Read all the latest news from Brendan O'Connor MP
Read all the latest news from Brendan O'Connor MP
SUBJECT/S: Same Sex Marriage; Public Service Bargaining Dispute; Newspoll.
KIERAN GILBERT: Shadow Minister for Employment and Workplace relations Brendan O’Connor joins us now. Mr O’Connor thanks for your time. I want to ask you about the assessment of some observers of this same sex marriage debate that Labor’s position isn’t so much about the issue as putting pressure on Malcolm Turnbull’s leadership. What do you say in response to that?
BRENDAN O'CONNOR, SHADOW MINSITER FOR EMPLYOMENT AND WORKPLACE RELATIONS: No, we’ve had a principled position in relation to this matter from the beginning, from the outset. We believe marriage equality is overdue and I think it’s fair to say we want the matter dealt with quickly, with as little conflict as possible and done so by the parliament, which is the place decisions such as these should be made.
GILBERT: But the fact is, and you’ve been around politics for a long time, that you can’t have these debates removed from the political reality and the reality is Malcolm Turnbull is not going to budge on this, it would be ending his leadership if he did, you know that.
O’CONNOR: Well never say never. We want the real Malcolm Turnbull to re-emerge. We’re beginning to realise that what we thought was the real Malcolm Turnbull – someone who supported marriage equality, a response to climate change - in fact might have always been the fake Malcolm Turnbull Kieran, because the Malcolm Turnbull we are seeing today is someone who is beholden to the extreme right of the Liberal Party.
Therefore while we’ve got the Attorney-General willing to meet with Labor representatives yesterday, the true power behind this particular position and the strategy behind it is of course Eric Abetz and Tony Abbott. Until Malcolm Turnbull moves himself into the centre and away from the extreme right I think we’re going to have some real problems, not just with marriage equality but with other areas of public policy.
GILBERT: Let’s talk about the Border Force strike around the country. They’re not doing themselves any favours in terms of their public relations with families heading off on the school holidays, are they?
O’CONNOR: This has been an unmitigated disaster because the Government has failed to sit down and work out issues of conflict with its own workforce for three years.
You know, Kieran, there are Ministers who have received wage increases and yet refused to pay any increase over the last three years to their own workforce. Even the brave men and women in that Agency who have put their lives on the line are not receiving an increase because of the ideological attack upon provisions in the current Enterprise Agreement.
Now what we’ve said is we want the parties to sit down and talk. The union has called for the Fair Work Commission to play a role. I think that’s a very wise step. If indeed Michaelia Cash cannot show any leadership here, if the Prime Minister cannot, and the matter is going on indefinitely let’s make sure this matter is resolved either by the parties sitting down - and for the first time the Minister for Employment actually doing her job and sitting down and resolving this matter - or allowing the independent umpire, Kieran, the Fair Work Commission to sit down and reconcile the differences because for three years we’ve had public servants getting no increases while their Ministers are receiving salary increases.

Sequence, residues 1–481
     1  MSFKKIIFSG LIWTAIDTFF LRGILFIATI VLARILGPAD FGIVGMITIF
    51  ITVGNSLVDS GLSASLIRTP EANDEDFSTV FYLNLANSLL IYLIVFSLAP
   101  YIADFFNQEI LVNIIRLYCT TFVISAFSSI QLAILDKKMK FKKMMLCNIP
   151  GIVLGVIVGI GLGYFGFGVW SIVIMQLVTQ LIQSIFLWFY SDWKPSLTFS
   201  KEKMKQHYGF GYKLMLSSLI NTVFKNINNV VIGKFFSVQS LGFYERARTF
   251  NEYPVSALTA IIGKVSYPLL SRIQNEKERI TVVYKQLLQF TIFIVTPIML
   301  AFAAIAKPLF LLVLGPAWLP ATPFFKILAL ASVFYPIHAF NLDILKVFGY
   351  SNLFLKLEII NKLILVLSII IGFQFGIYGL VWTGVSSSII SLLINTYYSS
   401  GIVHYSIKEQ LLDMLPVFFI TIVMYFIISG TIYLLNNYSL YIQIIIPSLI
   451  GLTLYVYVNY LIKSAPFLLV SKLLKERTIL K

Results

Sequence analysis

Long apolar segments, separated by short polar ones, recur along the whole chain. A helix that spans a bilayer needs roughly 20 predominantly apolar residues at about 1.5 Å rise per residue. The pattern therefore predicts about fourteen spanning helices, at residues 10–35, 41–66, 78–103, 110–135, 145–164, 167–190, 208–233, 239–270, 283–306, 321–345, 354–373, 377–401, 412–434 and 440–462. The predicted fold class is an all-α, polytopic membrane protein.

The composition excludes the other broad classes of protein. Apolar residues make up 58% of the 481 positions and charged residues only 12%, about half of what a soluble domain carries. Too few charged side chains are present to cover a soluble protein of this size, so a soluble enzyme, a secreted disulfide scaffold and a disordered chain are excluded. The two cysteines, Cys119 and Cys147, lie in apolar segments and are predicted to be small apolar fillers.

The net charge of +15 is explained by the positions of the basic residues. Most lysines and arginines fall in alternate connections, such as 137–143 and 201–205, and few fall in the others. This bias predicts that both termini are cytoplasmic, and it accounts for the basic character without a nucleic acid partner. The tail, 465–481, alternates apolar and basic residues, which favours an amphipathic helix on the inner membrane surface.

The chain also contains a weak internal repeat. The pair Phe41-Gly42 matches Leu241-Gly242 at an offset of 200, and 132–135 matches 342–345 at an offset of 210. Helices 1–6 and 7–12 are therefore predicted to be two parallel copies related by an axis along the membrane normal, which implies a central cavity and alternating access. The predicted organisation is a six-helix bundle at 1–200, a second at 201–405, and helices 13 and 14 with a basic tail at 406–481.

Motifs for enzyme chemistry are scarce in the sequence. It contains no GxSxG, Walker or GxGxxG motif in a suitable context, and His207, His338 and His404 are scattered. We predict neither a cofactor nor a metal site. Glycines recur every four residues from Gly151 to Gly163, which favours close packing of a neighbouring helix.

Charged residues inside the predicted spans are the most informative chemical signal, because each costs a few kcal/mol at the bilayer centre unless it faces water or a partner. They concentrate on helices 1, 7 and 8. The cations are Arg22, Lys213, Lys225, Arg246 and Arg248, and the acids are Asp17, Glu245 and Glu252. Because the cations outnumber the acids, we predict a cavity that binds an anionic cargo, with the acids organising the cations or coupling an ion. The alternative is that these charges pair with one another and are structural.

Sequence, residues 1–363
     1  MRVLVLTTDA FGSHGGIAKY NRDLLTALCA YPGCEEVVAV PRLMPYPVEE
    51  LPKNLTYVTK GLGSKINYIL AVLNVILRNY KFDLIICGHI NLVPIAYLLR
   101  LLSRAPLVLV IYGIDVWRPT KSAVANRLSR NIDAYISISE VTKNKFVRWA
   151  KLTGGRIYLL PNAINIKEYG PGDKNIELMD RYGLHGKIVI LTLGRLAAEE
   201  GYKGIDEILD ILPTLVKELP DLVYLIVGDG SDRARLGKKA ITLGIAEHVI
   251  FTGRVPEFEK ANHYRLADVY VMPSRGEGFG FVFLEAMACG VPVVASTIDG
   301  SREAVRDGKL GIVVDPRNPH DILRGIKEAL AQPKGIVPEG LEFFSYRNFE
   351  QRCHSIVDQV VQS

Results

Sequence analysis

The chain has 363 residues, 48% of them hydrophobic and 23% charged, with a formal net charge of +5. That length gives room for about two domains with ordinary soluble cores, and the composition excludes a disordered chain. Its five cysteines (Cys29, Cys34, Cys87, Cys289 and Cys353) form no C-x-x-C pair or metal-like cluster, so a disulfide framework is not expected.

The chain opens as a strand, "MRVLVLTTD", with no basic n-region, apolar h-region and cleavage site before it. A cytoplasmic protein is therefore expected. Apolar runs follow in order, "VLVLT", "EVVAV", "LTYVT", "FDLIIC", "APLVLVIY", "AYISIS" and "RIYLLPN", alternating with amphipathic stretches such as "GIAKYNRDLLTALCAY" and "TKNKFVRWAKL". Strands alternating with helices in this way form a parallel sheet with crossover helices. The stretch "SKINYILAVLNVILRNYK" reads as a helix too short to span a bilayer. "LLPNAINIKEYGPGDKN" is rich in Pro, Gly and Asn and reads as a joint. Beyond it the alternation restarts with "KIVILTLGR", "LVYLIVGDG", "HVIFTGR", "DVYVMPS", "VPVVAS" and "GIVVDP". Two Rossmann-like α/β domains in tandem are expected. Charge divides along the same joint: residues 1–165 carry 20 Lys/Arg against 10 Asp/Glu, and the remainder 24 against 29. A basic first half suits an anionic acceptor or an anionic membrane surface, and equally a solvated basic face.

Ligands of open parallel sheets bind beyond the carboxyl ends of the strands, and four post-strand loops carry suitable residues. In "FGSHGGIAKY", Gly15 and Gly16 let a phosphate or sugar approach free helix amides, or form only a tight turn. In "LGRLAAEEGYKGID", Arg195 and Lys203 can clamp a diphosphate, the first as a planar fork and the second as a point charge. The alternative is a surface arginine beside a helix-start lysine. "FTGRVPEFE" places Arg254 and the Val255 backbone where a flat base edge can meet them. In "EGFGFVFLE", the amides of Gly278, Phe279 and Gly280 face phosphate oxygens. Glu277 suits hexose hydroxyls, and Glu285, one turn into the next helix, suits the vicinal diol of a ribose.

GILBERT: The Public Service Commissioner has - it seems it’s disappointing what the unions are doing in this regards and says that it’s not helping the situation in any way in terms of these negotiations. Do you understand his frustration in this?
O'CONNOR: Well, John Lloyd comes with ideological baggage. He’s an old right wing warrior. He likes fighting, he likes conflict. And what we’re seeing though Kieran as I say, the Government is seeking to take out of Enterprise Agreements enforceable provisions even such as domestic violence leave, take them out of current Agreements so they’re no longer enforceable. Now that’s being pursued by the Commissioner and by the Minister and clearly by the Prime Minister. There’s no point lauding employers to provide domestic violence leave in the private sector while you are stripping away those rights for your own workforce. No wonder there’s a dispute and let’s see the parties sit down and if the Minister can’t reconcile these differences allow the Fair Work Commission to reconcile these differences.
GILBERT: Finally the Newspoll obviously a long way out from the next time we got to the ballot box, but is it encouraging for Bill Shorten in the early stages of this term?
O'CONNOR: Look it’s a reflection on the dithering division and dysfunction of the Government. And you know we kept saying we wanted to see the real Malcolm Turnbull reappear, I think Kieran we are now seeing the real Malcolm Turnbull and that may well be the reason the polls are reflected in the way they are.
GILBERT: Mr O'Connor as always appreciate your time. Thank you for that.